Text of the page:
African drums and Public Enemy’s
“Rebel without a Pause” play when we enter.
We cannot simply hide among the corn fields,
or muffle our voices with the thick stench of manure.
We don’t have stories of harvest season,
warm fresh eggs created in our backyard,
or having to wring a chicken's neck for nourishment.
Our presence go unconcerned
and unexplained in the city. We blend in with its chaos.
Metal concrete structures cover the top of our heads.
Our voices blend with the sounds of engines, trains,
and echos carrying crashes of construction.
But in this place, like a rake over concrete,
the cringe from our existence
causes a domino effect of
stopping and staring, gawking and stopping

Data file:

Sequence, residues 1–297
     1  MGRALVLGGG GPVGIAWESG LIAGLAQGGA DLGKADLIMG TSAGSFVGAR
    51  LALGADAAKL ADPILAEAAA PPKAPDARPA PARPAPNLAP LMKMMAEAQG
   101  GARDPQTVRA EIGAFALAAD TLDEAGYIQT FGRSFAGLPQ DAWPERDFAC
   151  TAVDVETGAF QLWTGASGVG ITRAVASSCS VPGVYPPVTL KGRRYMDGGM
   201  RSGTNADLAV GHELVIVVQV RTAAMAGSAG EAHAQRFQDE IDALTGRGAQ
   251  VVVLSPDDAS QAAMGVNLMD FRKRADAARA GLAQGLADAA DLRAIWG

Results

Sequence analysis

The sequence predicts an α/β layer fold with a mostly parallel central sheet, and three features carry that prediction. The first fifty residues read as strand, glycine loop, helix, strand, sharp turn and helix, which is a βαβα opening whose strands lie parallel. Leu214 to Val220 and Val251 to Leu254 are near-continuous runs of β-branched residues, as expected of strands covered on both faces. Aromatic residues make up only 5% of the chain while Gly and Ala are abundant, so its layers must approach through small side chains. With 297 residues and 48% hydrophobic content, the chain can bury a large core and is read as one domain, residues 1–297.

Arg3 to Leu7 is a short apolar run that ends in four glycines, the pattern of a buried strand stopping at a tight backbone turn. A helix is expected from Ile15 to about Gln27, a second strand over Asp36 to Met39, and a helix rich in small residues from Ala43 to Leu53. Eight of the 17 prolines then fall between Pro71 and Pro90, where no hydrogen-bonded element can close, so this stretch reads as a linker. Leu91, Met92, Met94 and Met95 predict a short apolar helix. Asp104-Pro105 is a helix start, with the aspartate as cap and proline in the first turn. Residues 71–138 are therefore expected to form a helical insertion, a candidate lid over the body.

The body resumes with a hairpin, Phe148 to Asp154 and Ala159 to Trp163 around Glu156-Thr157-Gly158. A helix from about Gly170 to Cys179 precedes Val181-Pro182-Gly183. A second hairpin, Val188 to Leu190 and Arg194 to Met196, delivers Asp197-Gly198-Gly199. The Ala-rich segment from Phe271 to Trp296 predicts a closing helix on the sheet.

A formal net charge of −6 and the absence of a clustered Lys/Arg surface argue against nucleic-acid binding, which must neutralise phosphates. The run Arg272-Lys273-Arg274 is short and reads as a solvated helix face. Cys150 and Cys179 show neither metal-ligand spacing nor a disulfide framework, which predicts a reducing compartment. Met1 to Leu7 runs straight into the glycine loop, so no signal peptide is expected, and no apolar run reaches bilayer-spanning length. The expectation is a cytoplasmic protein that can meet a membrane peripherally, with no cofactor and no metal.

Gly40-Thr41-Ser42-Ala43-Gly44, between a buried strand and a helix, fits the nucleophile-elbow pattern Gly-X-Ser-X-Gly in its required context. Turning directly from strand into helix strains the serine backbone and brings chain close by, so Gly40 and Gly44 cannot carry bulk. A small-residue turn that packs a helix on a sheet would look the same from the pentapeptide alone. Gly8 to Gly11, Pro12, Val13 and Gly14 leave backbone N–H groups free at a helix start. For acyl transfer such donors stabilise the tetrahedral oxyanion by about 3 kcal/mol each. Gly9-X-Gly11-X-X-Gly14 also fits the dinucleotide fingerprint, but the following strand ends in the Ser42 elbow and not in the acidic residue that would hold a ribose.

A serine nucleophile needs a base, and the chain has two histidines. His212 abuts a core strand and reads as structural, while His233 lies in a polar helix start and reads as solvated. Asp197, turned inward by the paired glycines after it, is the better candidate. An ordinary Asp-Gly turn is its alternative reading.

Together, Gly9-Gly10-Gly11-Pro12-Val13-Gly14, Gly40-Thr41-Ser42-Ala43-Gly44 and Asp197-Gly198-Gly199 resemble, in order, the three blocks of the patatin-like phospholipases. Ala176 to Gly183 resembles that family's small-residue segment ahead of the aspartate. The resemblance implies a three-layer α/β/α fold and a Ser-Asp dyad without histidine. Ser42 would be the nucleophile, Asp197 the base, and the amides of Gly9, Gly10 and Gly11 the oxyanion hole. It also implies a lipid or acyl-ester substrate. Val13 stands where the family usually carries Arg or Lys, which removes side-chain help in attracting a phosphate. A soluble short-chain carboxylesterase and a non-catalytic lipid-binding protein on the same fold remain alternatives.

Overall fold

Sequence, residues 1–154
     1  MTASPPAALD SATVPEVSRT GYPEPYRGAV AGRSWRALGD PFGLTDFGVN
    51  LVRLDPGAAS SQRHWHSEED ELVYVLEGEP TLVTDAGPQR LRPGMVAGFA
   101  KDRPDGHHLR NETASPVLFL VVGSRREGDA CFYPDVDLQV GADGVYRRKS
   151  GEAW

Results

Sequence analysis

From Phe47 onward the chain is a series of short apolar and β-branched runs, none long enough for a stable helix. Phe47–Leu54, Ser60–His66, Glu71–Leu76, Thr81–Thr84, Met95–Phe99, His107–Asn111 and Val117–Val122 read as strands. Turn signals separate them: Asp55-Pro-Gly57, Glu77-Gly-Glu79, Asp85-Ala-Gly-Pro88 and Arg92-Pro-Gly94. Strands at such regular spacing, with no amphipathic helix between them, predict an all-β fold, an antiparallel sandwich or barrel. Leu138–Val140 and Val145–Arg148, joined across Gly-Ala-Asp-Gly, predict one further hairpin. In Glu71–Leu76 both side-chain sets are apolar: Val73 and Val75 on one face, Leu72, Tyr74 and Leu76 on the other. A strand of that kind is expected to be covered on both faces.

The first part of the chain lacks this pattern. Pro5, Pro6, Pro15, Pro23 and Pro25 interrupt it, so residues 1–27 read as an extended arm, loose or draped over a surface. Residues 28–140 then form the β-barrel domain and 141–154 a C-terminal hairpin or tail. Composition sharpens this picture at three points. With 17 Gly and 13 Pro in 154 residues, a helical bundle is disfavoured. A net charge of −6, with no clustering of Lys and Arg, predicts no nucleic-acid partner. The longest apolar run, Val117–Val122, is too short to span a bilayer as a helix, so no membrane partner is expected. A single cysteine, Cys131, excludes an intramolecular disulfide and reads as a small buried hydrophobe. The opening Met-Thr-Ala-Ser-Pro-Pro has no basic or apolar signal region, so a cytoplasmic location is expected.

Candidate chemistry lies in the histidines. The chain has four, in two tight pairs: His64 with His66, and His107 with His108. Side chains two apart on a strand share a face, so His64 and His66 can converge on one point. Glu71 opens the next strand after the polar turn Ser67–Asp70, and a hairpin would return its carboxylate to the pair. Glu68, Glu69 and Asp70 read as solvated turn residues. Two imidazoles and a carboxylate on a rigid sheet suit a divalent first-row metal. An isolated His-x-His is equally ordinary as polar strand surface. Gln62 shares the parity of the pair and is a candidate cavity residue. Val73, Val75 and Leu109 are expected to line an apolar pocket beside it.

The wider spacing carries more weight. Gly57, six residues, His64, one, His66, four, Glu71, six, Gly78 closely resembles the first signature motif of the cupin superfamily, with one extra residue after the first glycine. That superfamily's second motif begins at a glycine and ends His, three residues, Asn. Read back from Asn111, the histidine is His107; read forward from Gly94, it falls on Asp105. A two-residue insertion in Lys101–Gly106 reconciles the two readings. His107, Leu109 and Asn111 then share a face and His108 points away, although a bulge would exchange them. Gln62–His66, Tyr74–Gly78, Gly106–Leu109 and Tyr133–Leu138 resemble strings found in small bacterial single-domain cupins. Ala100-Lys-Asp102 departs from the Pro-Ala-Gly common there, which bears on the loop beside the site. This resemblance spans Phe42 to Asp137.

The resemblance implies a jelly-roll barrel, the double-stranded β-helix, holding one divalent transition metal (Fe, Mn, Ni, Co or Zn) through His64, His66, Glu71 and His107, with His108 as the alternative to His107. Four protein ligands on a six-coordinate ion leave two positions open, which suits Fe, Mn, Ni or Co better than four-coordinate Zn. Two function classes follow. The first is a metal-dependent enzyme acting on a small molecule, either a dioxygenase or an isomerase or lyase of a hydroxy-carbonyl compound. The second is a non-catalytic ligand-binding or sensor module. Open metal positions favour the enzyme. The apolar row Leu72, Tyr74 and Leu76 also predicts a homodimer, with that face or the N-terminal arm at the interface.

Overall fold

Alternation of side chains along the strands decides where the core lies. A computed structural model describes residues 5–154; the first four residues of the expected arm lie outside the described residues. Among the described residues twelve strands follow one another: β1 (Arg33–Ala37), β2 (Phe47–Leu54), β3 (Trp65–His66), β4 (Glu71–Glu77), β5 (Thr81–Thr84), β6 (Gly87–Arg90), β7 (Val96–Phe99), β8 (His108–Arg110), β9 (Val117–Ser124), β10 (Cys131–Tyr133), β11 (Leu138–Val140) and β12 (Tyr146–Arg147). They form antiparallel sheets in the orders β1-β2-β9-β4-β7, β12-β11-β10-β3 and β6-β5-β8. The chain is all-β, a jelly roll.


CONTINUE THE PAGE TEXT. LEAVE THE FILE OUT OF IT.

with an unspoken rule:
Don’t look long enough for race to be a factor.
For extra protection, wear shades of invisibility.
Eventually they will go away.
We cast shadows in white spaces
so much that we find ourselves trying
not to cause darkness so thick
that we become threats.
We have to walk in the very shadows we create
searching for home, to just be.
Even in moments of extended hand shakes
hellos, and shared stories, the welcome mat
never quite makes it to the floor.